Pew Research Center recently published the findings of a systematic analysis of six months’ worth of posts from 30 of the most followed science-related pages on Facebook. These pages comprised 15 Facebook accounts from “multiplatform” organizations, for example National Geographic and the Discovery Channel, and 15 accounts from individuals or organizations that have a large social media presence on Facebook but are not connected to any offline, legacy outlet.
As the above infographic from the analysis shows,
Millions of people see science-related information on their Facebook feeds or elsewhere on social media, but the kinds of science stories people most likely encounter are often practical tips with “news you can use” or promotions for programs and events rather than new developments in the science, engineering and technology world.
The researchers who published the analysis also state that:
The set of 30 covers a broad range of pages available to social media users, including several that are widely seen in the scientific community as offering questionable or even “pseudoscientific” advice or information.
One of the 30 that has given me cause for concern in regard to questionable information is ScienceAlert. The four ScienceAlert article examples that follow clearly illustrate the reasons for this concern.
Examples of questionable science in ScienceAlert
It’s possible to live a normal life without 90 percent of your brain (13 July 2016)
The first example is one we’ve already exposed.
Writing in the NeuroLogicaBlog, Dr. Steven Novella had raised significant concerns in regard to one of the ScienceAlert 23 science facts that emerged in 2016: that it’s possible to live a normal life without 90 percent of your brain. Novella had described the Science Alert article as “an excellent example of horrible science news reporting”, and “a cautionary tale of what can happen when a reporter does not adequately vet their story with actual experts.”
The article has since been updated, but should never have been published with its original incorrect and misleading headline and text.
Only Half of Your Friends Actually Like You, Science Reveals (1 May 2018)
The “Only Half of Your Friends Actually Like You” headline immediately a caught my eye when I saw it in my Facebook news feed. This is because that headline and reporting approach was criticised for being sensationalistic in a Research Check published in The Conversation in 2016. I republished the Research Check in RealKM Magazine at the time because it highlights a clear example of the hyping of science reporting.
The author of the Research Check, social psychologist Dr Lisa A Williams, advises that while the research in question offers some useful insights into the nuances of how friendship is perceived, it does not in fact speak to whether half of your friends like you.
Further, postdoctoral fellow Sean Murphy, who peer-reviewed the Research Check, states that:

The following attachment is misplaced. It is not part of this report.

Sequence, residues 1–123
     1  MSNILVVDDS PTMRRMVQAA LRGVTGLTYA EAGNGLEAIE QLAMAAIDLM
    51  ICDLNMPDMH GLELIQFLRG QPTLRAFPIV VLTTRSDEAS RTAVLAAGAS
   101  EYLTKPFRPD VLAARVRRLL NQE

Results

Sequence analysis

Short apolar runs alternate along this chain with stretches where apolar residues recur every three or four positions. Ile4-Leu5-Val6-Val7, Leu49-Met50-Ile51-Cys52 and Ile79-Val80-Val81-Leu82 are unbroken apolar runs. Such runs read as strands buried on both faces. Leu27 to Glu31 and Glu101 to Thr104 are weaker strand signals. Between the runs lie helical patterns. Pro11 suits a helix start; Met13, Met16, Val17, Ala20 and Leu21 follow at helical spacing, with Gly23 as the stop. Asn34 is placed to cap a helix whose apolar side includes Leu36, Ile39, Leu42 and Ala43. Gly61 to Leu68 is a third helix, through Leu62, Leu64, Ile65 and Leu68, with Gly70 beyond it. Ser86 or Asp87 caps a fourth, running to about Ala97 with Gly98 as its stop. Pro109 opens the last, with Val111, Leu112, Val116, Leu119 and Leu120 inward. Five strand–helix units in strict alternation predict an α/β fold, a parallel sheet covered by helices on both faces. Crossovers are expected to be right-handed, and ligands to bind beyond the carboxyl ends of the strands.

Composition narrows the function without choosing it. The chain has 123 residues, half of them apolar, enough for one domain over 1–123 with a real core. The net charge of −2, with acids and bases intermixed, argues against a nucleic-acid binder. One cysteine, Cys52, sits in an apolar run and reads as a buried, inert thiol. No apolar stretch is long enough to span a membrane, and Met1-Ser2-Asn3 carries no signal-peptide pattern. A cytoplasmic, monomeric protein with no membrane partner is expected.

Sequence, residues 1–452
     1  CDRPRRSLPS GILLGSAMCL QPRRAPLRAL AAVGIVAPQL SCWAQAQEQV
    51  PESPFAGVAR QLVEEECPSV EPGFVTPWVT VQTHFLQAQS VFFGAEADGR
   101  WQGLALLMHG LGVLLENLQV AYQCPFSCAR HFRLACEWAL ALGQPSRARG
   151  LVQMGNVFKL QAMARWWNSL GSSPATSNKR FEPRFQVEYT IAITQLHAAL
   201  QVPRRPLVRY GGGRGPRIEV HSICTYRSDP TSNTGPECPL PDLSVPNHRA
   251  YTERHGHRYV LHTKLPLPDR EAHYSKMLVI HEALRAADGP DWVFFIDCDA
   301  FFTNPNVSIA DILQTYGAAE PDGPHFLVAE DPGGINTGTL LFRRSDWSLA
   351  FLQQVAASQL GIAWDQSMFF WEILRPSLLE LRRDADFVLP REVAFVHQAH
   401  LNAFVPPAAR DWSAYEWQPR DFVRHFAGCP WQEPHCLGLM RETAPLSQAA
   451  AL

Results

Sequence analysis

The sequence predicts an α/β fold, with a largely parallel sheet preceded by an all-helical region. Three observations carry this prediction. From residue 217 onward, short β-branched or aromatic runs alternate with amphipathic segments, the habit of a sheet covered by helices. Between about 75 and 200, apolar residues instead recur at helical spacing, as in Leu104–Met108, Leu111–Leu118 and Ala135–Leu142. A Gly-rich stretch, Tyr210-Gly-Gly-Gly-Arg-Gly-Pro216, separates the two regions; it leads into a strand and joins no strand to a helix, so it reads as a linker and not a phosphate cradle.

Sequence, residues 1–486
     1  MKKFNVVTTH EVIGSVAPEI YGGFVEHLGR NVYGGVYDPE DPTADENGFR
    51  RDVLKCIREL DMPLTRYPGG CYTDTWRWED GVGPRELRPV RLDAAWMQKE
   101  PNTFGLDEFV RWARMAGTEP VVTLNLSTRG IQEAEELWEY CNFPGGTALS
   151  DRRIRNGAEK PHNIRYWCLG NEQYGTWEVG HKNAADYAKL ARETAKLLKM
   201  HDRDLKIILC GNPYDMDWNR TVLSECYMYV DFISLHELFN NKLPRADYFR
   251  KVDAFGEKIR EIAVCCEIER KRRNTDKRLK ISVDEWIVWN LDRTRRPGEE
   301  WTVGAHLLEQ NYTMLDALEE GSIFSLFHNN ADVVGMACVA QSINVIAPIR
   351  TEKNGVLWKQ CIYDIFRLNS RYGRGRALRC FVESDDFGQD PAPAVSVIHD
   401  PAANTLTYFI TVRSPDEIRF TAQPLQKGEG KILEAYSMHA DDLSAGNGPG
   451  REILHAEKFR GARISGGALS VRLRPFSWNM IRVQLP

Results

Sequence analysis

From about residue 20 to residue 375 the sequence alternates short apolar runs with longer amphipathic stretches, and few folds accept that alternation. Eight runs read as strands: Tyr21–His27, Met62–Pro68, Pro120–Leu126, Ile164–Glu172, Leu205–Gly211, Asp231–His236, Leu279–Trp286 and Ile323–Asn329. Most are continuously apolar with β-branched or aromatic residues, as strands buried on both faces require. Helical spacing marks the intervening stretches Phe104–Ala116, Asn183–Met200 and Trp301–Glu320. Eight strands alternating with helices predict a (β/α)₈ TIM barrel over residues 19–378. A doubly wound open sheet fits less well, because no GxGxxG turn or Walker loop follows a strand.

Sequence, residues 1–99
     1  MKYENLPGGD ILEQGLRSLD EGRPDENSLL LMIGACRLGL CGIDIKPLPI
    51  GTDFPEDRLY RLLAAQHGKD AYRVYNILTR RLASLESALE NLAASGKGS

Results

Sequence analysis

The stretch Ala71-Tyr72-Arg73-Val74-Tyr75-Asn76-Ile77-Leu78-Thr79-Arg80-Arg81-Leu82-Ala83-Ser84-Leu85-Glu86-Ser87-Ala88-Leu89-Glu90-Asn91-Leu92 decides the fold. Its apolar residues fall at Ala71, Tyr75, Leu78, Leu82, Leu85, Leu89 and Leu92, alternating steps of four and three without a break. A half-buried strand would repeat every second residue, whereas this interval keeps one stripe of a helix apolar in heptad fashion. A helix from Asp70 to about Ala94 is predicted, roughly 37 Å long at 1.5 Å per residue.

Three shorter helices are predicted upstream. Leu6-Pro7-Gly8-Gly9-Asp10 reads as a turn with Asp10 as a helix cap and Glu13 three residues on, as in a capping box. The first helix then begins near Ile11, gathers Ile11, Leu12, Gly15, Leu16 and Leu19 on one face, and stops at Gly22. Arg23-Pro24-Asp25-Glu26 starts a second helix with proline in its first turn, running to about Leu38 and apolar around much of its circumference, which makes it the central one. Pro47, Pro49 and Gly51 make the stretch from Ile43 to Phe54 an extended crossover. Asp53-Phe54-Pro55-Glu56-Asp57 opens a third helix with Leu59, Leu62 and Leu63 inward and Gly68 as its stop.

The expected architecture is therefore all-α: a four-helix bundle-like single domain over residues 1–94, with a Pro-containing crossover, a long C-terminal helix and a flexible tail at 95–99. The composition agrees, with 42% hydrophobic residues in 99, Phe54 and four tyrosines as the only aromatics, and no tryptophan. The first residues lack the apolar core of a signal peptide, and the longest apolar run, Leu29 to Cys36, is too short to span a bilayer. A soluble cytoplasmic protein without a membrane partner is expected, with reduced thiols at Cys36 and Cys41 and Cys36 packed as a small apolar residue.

My biggest problem with this paper … is the sensationalised interpretation of the results. The study abstract claims “people are typically poor at perceiving the direction of their friendship ties”, and media reports state that “only half of your friends like you”.
But the data support a humbler, and perhaps happier, story. In fact, when participants claimed someone as a friend, the other person reciprocated 70% of the time. So while it’s true around half of the friendships in the study were mutual, it still found close to three-quarters of your friends “like you”.
The second paragraph of the Research Check links to an example of the sensationalistic headlines, which turns out to be an earlier version of the 1 May 2018 ScienceAlert article.
So, despite having had the opportunity to change the headline to something more appropriate when they updated the article, ScienceAlert has chosen to ignore the Research Check and stick with the same incorrect and sensationalistic “Only Half of Your Friends Actually Like You” attention-grabbing headline.
Bitcoin Could Become Illegal Almost Everywhere, After Shocking Discovery in The Blockchain (22 March 2018)
The introductory paragraphs of the ScienceAlert article state that:
The Bitcoin world is coming to grips with a shocking revelation that could potentially threaten the very existence of the world’s foremost cryptocurrency.
An analysis of the Bitcoin blockchain – the publicly accessible ledger of transactions upon which the system is built – has revealed this vast trove of data is irrevocably tainted with unremovable links to illegal child pornography, which are inevitably distributed among and by all users of the currency.
However, in a news post on Bitcoin.com, Kai Sedgwick takes this assessment to task:
The [child pornography] on the blockchain story isn’t news and it isn’t new either. In fact, it was first dragged up in 2013, and has been revived, six years on, purely because a new paper has given the claims an air of legitimacy. News outlets were quick to jump on the story again, which was then widely shared by attention trolls … The false hypothesis comes from the fact that it’s possible to encode information in the blockchain.
Drawing on a recent paper3 which looked at data insertion in the Bitcoin blockchain, Sedgwick goes on to explain that anyone inspecting the blockchain won’t find words, rather a hex code (which he says looks for example like 000000000019d6689c085ae165831e934ff763ae46a2a6c172b3f1b60a8ce26), and that the option used to encode the child pornography information on the blockchain, called OP_RETURN, is limited to only 80 bytes in size and subject to deletion for efficiency.
Because of this, Sedgwick states that:
Anyone wishing to use the bitcoin blockchain to seek out child pornography [CP] would need to perform the following convoluted process:
Download the entire bitcoin blockchain and sift through 251 million transactions to find the 1.4% that contain some kind of arbitrary data encoded in them.
Ensure that the version of the blockchain you were using had been subject to no pruning that might have removed OP_RETURN data.
Extract any web links that might be concealed in the data using some sort of steganography.